UK construction suffers worst quarter in four years after Brexit vote

Posted on November 11, 2016

Britain’s construction industry suffered its worst contraction in four years in the wake of the UK’s Brexit vote, according to official data.

The UK’s building industry contracted by 1.1 per cent in the three months to September, confirming a slowdown reported by companies in the sector, from Travis Perkins to Sig, in the aftermath of the June vote.

The quarterly contraction is better than the 1.4 per cent first estimate from the ONS, but still marks the worst three month performance since 2012.

Figures from the Office for National Statistics showed a 0.3 per cent rise in monthly output in September compared to August, better than the flat reading expected by economists, but not enough to offset a broader post-referendum slowdown.

The ONS said today’s quarterly revision would not affect the UK’s GDP figures for the period – where the economy grew a robust 0.5 per cent.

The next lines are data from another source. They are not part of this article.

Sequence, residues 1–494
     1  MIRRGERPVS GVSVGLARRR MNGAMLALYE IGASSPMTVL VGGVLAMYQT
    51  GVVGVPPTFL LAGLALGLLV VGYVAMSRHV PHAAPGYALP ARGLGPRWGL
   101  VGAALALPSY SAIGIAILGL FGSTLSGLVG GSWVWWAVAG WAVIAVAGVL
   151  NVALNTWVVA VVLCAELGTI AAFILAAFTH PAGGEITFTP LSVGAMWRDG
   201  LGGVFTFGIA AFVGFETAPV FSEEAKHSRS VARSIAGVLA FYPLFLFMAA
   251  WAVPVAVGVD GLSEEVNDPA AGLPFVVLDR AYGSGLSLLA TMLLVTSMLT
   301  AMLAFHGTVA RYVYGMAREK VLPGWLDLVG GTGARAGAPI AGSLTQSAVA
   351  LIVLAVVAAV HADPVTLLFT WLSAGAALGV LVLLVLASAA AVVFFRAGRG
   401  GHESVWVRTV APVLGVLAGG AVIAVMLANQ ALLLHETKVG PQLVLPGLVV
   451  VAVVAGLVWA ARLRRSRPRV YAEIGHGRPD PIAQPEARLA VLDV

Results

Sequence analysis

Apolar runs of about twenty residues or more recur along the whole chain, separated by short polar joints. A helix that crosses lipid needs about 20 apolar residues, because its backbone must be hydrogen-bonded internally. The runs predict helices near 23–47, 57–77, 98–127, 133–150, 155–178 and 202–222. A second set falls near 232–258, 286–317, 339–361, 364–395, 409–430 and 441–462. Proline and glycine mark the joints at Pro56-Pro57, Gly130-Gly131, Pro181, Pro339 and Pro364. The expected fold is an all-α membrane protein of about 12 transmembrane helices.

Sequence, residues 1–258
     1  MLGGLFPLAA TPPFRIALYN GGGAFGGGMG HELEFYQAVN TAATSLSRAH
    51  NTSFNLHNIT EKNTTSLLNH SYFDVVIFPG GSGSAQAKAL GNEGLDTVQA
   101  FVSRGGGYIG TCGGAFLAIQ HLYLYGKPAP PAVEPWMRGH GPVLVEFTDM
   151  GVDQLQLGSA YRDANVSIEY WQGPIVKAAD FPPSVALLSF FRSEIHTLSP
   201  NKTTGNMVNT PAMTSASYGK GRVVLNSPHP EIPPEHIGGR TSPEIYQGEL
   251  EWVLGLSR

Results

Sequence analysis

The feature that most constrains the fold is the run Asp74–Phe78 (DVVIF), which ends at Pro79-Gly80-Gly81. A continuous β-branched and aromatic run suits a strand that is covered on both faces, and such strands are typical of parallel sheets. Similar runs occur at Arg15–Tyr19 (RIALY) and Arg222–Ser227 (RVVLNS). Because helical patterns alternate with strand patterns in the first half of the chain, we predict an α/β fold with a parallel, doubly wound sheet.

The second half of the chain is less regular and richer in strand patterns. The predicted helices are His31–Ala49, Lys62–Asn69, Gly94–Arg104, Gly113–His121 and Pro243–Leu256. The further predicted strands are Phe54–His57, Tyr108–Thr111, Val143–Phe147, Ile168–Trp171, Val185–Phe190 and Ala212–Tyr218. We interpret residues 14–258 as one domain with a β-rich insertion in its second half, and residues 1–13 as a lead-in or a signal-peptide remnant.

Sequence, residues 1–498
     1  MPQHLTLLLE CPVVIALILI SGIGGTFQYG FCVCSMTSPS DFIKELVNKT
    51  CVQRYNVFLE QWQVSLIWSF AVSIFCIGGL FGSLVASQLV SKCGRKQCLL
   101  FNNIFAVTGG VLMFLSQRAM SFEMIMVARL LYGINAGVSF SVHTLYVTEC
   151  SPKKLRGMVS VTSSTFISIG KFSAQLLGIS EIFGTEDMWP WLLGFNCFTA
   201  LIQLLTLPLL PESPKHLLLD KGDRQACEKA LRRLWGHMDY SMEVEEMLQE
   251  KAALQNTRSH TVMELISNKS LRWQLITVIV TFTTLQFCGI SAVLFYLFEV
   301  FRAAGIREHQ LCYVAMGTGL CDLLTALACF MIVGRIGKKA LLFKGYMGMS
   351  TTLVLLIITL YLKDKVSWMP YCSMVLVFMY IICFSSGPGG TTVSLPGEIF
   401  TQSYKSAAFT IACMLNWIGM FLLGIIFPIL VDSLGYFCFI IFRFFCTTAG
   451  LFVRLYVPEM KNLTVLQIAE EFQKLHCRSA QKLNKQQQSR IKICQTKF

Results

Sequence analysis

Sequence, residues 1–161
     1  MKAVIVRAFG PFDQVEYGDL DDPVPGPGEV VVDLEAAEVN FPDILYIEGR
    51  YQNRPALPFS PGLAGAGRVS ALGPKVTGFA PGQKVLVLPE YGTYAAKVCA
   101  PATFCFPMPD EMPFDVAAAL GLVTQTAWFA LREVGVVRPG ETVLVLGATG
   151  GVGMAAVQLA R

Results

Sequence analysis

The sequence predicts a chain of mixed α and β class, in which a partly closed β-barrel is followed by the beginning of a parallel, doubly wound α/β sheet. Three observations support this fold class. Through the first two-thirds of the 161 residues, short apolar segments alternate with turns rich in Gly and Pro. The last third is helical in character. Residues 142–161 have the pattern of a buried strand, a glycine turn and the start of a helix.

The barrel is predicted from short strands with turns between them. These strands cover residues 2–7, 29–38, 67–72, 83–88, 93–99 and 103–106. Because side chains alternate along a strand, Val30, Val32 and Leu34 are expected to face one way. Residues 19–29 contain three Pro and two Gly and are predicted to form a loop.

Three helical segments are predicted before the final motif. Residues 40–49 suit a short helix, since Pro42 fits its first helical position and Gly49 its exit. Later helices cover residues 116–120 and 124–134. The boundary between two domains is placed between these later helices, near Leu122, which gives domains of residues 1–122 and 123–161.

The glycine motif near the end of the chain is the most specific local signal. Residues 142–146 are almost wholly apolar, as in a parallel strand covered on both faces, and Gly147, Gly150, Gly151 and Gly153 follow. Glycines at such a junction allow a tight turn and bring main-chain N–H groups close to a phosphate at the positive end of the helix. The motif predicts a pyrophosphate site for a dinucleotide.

Although new construction work in the sector rose by 0.3 per cent in the three months to the end of September, output was pushed down by a 3.6 per cent contraction in repair and maintenance.

The figures are compiled through a survey of 8,000 construction firms in the UK.

They come after Britain’s industrial ouput – which accounts for around 18 per cent of GDP – also fell in the wake of the Leave vote, declining by 0.5 per cent.

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